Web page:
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Generational Dynamics Web Log for 26-May-2017
26-May-17 World View -- Trump's Mideast visit triggers renewal of sharp split between Saudi Arabia and Qatar

Web Log - May, 2017

26-May-17 World View -- Trump's Mideast visit triggers renewal of sharp split between Saudi Arabia and Qatar

Qatar claims that it was cyber-attacked after media reports supporting Iran

by John J. Xenakis

This morning's key headlines from

Trump's Mideast visit triggers renewal of sharp split between Saudi Arabia and Qatar

Trump signs $110 billion arms deal with Saudi Arabia
Trump signs $110 billion arms deal with Saudi Arabia

President Donald Trump's harsh condemnation of Iran during Monday's visit to Saudi Arabia has apparently triggered a renewal of a long-standing split between Saudi Arabia and Qatar, and within the GCC (Gulf Cooperation Council) in general. The GCC is an organization of Arab nations (Bahrain, Kuwait, Oman, Qatar, Saudi Arabia and the United Arab Emirates (UAE)) on the Arabian Gulf.

The joint statement issued after Trump's meeting with Saudi King Salman Bin Abdulaziz Al-Saud said the following:

"22. The two leaders also agreed on the need to contain Iran’s malign interference in the internal affairs of other states, instigation of sectarian strife, support of terrorism and armed proxies, and efforts to destabilize the countries in the region.

23. The two leaders also stressed that Iran’s interference poses a threat to the security of the region and the world, and that the nuclear agreement with Iran needs to be re-examined in some of its clauses. The Iranian ballistic missile program poses a threat, not only to neighboring countries, but also a direct threat to the security of all countries in the region as well as global security."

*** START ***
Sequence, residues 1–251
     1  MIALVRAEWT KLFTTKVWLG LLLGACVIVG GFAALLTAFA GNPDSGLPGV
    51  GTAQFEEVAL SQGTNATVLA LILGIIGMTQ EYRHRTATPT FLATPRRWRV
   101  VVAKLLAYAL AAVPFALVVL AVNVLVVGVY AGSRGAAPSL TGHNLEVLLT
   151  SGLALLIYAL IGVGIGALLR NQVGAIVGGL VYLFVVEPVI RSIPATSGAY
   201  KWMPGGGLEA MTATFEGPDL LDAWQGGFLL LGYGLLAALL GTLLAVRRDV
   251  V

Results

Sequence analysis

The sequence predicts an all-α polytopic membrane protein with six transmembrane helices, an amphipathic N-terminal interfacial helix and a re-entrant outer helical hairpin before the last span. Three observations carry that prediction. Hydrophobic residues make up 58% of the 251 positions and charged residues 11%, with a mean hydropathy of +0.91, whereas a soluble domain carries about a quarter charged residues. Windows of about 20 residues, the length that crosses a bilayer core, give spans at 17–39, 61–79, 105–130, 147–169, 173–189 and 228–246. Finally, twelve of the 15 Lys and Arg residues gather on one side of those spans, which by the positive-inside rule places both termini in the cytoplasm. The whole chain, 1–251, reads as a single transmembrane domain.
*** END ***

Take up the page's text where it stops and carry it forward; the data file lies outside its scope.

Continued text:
The next day, at a meeting with Israeli officials in Jerusalem, he said, "Most importantly, the United States and Israel can declare with one voice that Iran must never be allowed to possess a nuclear weapon - never, ever - and must cease its deadly funding, training and equipping of terrorists and militias, and it must cease immediately."

Iran's newly reelected president Hassan Rouhani called Trump's appearance a "theatrical gathering with no practical or political value," saying that "You can't solve terrorism just by giving your people's money to a superpower."

Rouhani was alluding to the deals that Trump and Salman signed for Saudi Arabia to purchase $110 billion in weapons from the US.

Iran's Foreign Ministry spokesman Bahram Qassemi called on Washington to abandon its "warmongering policy, intervention, Iranophobia and sales of dangerous and useless weapons to the main sponsors of terrorism." White House and Reuters and CNN